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Henderson v. Colvin

United States District Court, W.D. Virginia, Roanoke Division

September 24, 2014

HEATHER HENDERSON, Plaintiff,
v.
CAROLYN W. COLVIN, Acting Commissioner of Social Security, Defendant.

MEMORANDUM OPINION

GLEN E. CONRAD, Chief District Judge.

Plaintiff has filed this action challenging the final decision of the Commissioner of Social Security denying plaintiffs claim for supplemental security income benefits under the Social Security Act, as amended, 42 U.S.C. § 1381 et seq. Jurisdiction of this court is pursuant to 42 U.S.C. § 1383(c)(3), which incorporates § 205(g) of the Social Security Act, 42 U.S.C. § 405(g). As reflected by the memoranda and argument submitted by the parties, the issues now before the court are whether the Commissioner's final decision is supported by substantial evidence, or whether there is "good cause" to necessitate remanding the case to the Commissioner for further consideration. See 42 U.S.C. § 405(g).

The plaintiff, Heather Henderson, was born on July 24, 1981, and eventually reached the twelfth grade in school in a special education program. (TR 36). While Mrs. Henderson has been employed for short periods of time, the Administrative Law Judge determined that she has no past relevant work. (TR 22). On June 15, 2009, plaintiff filed an application for supplemental security income benefits. She alleged that she became disabled for all forms of substantial gainful employment on June 15, 2008 due to depression, panic attacks, stomach problems, scoliosis, back pain, migraines with nausea, and light sensitivity. She now maintains that she has remained disabled to the present time.

Mrs. Henderson's application was denied upon initial consideration and reconsideration. She then requested and received a de novo hearing and review before an Administrative Law Judge. In an opinion dated July 17, 2012, the Law Judge also determined that plaintiff is not disabled. The Law Judge found that Mrs. Henderson suffers several severe impairments, including interstitial cystitis, migraine headaches, seizure disorder, hepatitis C, abdominal pain, major depressive disorder, and anxiety disorder. (TR 15). Despite such problems, the Law Judge determined that plaintiff is capable of performing a limited range of light work activity. The Law Judge assessed Mrs. Henderson's residual functional capacity as follows:

After careful consideration of the entire record, I find that the claimant has the residual functional capacity to perform light work as defined in 20 CFR 416.967(b) except she can frequently climb ramps and stairs, and occasionally climb ladders, ropes, or scaffolds. She can frequently balance, kneel, stoop, crouch, and crawl. She is able to fulfill the basic mental demands of competitive, remunerative, unskilled work including the abilities (on a sustained basis) to understand, carry out, and remember simple instructions; to respond appropriately to supervision, coworkers, and usual work situations; and to deal with changes in a routine work setting. She is limited to reading and writing no more than at a sixth grade level.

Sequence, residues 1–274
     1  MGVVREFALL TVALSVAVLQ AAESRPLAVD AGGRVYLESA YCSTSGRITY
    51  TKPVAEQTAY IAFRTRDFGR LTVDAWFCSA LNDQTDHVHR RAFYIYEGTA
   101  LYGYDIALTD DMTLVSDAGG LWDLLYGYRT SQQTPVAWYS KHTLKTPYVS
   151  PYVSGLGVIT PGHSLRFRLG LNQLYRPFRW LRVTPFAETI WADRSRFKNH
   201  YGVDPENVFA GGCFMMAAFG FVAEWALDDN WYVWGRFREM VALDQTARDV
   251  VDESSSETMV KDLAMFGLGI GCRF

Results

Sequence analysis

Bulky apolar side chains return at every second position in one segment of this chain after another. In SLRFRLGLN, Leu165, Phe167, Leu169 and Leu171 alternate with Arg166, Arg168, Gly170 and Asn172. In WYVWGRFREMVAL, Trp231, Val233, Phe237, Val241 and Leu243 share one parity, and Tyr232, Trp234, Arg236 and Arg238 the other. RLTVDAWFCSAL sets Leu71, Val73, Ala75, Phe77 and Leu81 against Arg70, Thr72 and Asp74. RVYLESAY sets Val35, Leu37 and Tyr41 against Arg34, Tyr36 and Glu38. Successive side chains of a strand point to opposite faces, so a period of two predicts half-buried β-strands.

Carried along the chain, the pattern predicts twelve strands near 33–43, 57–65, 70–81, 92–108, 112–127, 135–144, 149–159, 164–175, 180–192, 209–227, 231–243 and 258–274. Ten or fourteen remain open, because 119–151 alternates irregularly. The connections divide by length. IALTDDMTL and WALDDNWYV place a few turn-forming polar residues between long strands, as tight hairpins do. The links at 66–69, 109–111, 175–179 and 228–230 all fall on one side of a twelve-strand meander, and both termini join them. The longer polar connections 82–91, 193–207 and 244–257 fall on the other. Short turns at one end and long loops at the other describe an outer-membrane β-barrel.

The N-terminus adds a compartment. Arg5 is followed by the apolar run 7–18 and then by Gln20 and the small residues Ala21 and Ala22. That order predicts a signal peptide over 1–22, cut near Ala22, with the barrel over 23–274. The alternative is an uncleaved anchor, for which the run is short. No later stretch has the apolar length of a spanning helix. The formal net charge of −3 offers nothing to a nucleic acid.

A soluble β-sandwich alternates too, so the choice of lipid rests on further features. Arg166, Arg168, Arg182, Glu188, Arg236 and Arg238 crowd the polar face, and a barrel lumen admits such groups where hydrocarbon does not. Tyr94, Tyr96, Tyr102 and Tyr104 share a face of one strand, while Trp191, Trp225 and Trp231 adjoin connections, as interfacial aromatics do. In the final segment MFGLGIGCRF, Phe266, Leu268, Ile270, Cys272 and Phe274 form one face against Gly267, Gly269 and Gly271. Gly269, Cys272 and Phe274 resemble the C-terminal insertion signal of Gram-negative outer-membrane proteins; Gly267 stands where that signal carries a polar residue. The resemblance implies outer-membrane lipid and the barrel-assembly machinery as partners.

(TR 17). Given such a residual functional capacity, and after considering plaintiffs age, education, and lack of prior work experience, as well as testimony from a vocational expert, the Law Judge ruled that Mrs. Henderson retains the capacity to perform several specific light work roles existing in significant number in the national economy. Accordingly, the Law Judge ultimately concluded that Mrs. Henderson is not disabled, and that she is not entitled to supplemental security income benefits. See 20 C.F.R. § 416.920(g). The Law Judge's opinion was adopted as the final decision of the Commissioner by the Social Security Administration's Appeals Council. Having exhausted all available administrative remedies, Mrs. Henderson has now appealed to this court.

While plaintiff may be disabled for certain forms of employment, the crucial factual determination is whether plaintiff was disabled for all forms of substantial gainful employment. See 42 U.S.C. § 1382c(a). There are four elements of proof which must be considered in making such an analysis. These elements are summarized as follows: (1) objective medical facts and clinical findings; (2) the opinions and conclusions of treating physicians; (3) subjective evidence of physical manifestations of impairments, as described through a claimant's testimony; and (4) the claimant's education, vocational history, residual skills, and age. Vitek v. Finch , 438 F.2d 1157, 1159-60 (4th Cir. 1971); Underwood v. Ribicoff , 298 F.2d 850, 851 (4th Cir. 1962).